ESL students take night off from class to showcase home countries |

ESL students take night off from class to showcase home countries

Hector Jacobo Dominguez plays guitar at a social gathering for students in the college's English as a Second Language program. Program director Jen leRoux visits with students Maria Bonilla and Rigoberto Bonilla in the background.
John F. Russell

Class times

English as a Second Language classes at Colorado Mountain College are offered for all levels from 6 to 8:15 p.m. Tuesdays and Thursdays. Classes for parents with children as old as age 5 are offered 9 to 11:50 a.m. Wednesdays. Both class options are in Room 300 in Willett Hall on CMC's Alpine Campus. For more information, call ESL program director Jen le Roux at 870-4534.

David Muneton scrolled through a slideshow on his computer, pointing out the cultural highlights of his hometown of Medellin, Colombia.

“In all of Colombia, Medellin city is famous because it is so beautiful,” Muneton said, passing through photos of citywide light shows, museums and carnivals. Muneton came to Steamboat Springs about four months ago to work for ResortQuest. He’s one of about 75 students enrolled in the English as a Second Language program at Colorado Mountain College’s Alpine Campus.

On Tuesday, dozens of students took the night off from their regularly scheduled classes to mingle, eat and share stories about their native countries at CMC’s Willett Hall.

“It’s a chance for them to learn about one another, to learn about each other’s cultures and for everyone to begin to communicate,” said CMC professor Jen le Roux, who runs the ESL program and teaches English classes of all levels.

The program serves beginner, intermediate and advanced levels, and drawing a wide variety of students, le Roux said. Some are seasonal workers who come to Steamboat with a goal of learning English and traveling in the United States. Others have been part of the community for years, working in various industries and sending their children to Steamboat schools, le Roux said.

“This is what this is all about, for them to mix as a group – and share each other’s stories, and hopefully to converse,” she said.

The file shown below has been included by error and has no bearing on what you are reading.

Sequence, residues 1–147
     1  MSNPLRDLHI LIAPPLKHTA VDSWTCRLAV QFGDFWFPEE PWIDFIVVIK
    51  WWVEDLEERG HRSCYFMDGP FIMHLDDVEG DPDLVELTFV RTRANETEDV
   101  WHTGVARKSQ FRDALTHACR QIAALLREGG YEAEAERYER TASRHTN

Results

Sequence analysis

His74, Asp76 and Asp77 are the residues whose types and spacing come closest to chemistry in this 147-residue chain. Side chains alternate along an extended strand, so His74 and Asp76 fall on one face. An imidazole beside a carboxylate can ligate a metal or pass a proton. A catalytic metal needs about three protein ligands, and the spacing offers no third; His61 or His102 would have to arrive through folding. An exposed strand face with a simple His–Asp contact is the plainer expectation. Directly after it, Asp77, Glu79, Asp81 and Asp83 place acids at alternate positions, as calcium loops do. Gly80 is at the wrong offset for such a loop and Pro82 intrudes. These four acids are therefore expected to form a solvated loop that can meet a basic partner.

Global learning

At Tuesday’s event, students brought food and poster displays related to their countries and grouped into tables by region. Students from Mexico offered a colorful display of hand-wrapped tamales and other finger foods, students from Eastern Europe gathered at a table topped with a circular cake, and students from Moldova and Russia stood by a table laden with a colorful beet salad.

Lilia Sula, who is in Steamboat working as an au pair for a local family, said she chose to make “suba” – a shredded, layered salad made of onion, beets, potato, carrot and boiled egg – because it is common in her home country, Moldova. Sula also made a poster highlighting the country’s main exports.

“People, they don’t know too much about Moldova – it’s a very small country. So I thought to do a poster and a few pictures to learn about Moldova and show them Moldova,” Sula said.

With students from Europe, South and Central America, West Africa and other regions, CMC offers classes during the day and in the evenings to accommodate work schedules. The classes focus on reading and writing, with a new speaking and listening class added this year, le Roux said.

“We have a textbook and we follow a curriculum, but we also let the students drive the lessons and drive the classes based on what their needs are : because there’s such an array of needs,” le Roux said. “Some people need life skills, some people need work skills and some people need academic skills.”

CMC also works with Bear Claw Condominiums to offer classes there, runs a Wednesday morning English class for parents with young children and encourages its students to attend Intercambio, Intergrated Community’s weekly Spanish-English conversation group. The classes reach out to people from all walks of life. On Tuesday, those people came together for a few hours, le Roux said.

“I think a lot of friendships are formed through the class. There’s a lot of support – if someone is unable to get here, another student will pick them up,” she said.

“They come for the language, and they also come because they get a lot of support from each other and a lot of friendships.”

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